Go on an Adventure: Obstacle Course

Font Size
A
A
A

For Parents continued...

Make sure you have plenty of room for kids to get moving. Check for breakable items, sharp edges, things a child could trip on, and other safety hazards when setting up your obstacle course. Be careful to avoid using objects that could slide or fall over, like stacked books. Allow children in a group to go through the adventure obstacle course one at a time.

For older children, make the course more challenging between obstacles, like hopping on one foot or walking backward. When kids have mastered the course, change the story and the order of the obstacles.

Your child will have more fun if you tackle the adventure obstacle course with her. You'll be modeling how to be strong, be brave, maybe even be silly -- and best of all, be active.

What to Teach Kids: Exercises Helps Many Parts of Your Body

As kids go on their adventure through the obstacle course, explain what parts of their body they are helping. Crawling helps build strong muscles and bones in their arms. Jumping helps build strong muscles and bones in their legs. Moving fast helps their heart. Concentrating to get the moves right helps their brain, too!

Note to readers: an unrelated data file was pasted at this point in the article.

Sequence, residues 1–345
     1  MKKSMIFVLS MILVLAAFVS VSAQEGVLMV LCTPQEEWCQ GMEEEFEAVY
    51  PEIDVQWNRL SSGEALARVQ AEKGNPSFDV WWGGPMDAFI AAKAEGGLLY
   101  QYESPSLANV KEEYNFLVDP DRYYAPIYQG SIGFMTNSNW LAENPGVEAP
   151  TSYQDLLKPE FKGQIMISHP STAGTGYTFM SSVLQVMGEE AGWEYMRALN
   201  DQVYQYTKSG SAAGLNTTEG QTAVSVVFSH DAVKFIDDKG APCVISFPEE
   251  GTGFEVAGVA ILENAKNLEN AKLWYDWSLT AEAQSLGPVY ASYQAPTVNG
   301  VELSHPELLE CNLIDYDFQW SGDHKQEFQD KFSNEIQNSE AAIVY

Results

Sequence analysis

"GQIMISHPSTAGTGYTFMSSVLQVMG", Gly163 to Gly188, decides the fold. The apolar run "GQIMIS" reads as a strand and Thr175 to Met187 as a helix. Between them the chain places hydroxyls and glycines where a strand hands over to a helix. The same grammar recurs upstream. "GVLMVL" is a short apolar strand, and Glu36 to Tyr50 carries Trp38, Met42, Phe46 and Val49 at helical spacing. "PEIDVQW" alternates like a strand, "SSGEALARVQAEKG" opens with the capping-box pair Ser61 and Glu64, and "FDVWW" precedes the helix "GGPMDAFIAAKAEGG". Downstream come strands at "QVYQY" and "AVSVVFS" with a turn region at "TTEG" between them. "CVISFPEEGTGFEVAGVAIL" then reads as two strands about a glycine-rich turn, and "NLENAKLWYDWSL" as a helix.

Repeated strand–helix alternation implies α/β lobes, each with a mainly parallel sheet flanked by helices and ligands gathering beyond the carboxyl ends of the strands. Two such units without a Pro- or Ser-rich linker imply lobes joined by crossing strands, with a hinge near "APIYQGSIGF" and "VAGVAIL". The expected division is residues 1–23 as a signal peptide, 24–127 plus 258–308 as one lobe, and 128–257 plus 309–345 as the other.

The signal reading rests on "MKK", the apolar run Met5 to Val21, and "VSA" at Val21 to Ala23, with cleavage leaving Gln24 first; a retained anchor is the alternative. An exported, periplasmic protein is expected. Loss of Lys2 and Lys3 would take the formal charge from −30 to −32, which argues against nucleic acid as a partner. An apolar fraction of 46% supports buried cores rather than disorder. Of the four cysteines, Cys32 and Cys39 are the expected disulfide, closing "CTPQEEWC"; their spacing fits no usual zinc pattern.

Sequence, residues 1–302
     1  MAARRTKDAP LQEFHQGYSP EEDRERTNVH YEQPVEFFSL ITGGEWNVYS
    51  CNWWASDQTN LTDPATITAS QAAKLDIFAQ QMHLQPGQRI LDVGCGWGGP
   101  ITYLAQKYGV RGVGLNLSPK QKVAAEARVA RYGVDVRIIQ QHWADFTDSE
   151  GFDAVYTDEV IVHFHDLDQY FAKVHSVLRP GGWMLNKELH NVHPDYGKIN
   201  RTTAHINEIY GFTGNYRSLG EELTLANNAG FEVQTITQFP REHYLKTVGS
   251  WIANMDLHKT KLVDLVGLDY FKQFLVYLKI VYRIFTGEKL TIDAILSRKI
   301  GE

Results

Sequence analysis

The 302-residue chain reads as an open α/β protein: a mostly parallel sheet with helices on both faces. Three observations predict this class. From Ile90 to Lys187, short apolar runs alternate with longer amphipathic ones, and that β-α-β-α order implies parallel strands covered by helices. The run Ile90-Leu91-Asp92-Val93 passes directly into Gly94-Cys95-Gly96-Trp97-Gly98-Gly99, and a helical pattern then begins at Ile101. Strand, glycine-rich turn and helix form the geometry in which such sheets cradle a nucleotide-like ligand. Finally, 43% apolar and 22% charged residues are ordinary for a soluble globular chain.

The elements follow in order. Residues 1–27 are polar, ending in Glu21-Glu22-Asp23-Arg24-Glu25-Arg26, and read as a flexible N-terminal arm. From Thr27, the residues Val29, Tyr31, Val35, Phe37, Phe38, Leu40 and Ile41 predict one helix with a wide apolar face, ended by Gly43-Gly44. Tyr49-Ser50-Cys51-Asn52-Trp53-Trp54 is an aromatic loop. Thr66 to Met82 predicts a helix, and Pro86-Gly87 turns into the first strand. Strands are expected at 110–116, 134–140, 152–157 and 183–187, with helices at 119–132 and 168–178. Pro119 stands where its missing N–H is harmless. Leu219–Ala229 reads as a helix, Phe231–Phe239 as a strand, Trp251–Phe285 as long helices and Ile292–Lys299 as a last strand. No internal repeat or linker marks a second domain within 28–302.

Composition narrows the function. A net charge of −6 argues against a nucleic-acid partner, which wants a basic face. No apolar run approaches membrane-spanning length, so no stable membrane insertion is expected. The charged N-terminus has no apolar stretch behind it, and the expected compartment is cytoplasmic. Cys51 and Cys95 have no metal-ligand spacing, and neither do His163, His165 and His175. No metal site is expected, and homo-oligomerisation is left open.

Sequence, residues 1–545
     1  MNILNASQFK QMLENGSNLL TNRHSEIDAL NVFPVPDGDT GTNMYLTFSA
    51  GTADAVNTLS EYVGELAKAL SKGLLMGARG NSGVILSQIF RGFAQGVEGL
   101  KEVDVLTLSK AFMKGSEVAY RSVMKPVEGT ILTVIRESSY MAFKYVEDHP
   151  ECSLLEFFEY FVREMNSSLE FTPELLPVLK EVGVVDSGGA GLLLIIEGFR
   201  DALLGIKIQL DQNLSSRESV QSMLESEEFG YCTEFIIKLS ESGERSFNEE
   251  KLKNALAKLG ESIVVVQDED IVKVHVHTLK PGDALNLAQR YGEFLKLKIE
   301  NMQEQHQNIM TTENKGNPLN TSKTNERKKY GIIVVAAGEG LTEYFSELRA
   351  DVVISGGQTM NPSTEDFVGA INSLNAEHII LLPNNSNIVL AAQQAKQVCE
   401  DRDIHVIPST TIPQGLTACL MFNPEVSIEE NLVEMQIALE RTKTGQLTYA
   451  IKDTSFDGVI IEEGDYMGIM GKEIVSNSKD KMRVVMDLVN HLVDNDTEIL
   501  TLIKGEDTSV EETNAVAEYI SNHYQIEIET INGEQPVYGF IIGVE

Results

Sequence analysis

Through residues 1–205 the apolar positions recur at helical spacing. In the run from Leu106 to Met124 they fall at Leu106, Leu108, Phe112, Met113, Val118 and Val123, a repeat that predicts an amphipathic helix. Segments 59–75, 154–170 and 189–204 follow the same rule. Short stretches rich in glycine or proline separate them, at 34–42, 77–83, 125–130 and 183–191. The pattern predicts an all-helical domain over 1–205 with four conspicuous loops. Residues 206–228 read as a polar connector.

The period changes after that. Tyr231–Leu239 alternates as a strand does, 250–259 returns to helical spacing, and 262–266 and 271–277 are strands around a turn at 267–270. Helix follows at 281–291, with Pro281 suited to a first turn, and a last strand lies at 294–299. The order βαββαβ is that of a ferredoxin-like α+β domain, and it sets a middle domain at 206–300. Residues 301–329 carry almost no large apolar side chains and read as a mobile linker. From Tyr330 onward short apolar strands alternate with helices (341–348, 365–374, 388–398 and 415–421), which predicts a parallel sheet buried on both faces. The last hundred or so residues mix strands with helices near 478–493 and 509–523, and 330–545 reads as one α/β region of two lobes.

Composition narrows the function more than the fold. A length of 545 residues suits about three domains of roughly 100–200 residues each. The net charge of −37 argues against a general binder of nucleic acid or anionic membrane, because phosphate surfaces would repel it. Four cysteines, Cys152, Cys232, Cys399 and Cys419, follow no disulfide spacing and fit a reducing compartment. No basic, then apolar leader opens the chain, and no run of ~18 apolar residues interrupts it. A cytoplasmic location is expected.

Teach your kids that moving every day can help their body in many ways. Regular exercise is part of growing strong, being happy, staying healthy, and thinking well.

What's the FIT Connection?

Teaching your child to be active every day is part of raising FIT kids. Kids who exercise each day reap many healthy rewards. Being active can help curb your child's appetite, which can help keep her from overeating. Regular activity also helps to build a positive body image and improve self-esteem.

WebMD Medical Reference

Reviewed by Roy Benaroch, MD on April 03, 2014
1 | 2 | 3

Did You Read It?

If YES, pick a Fit Sticker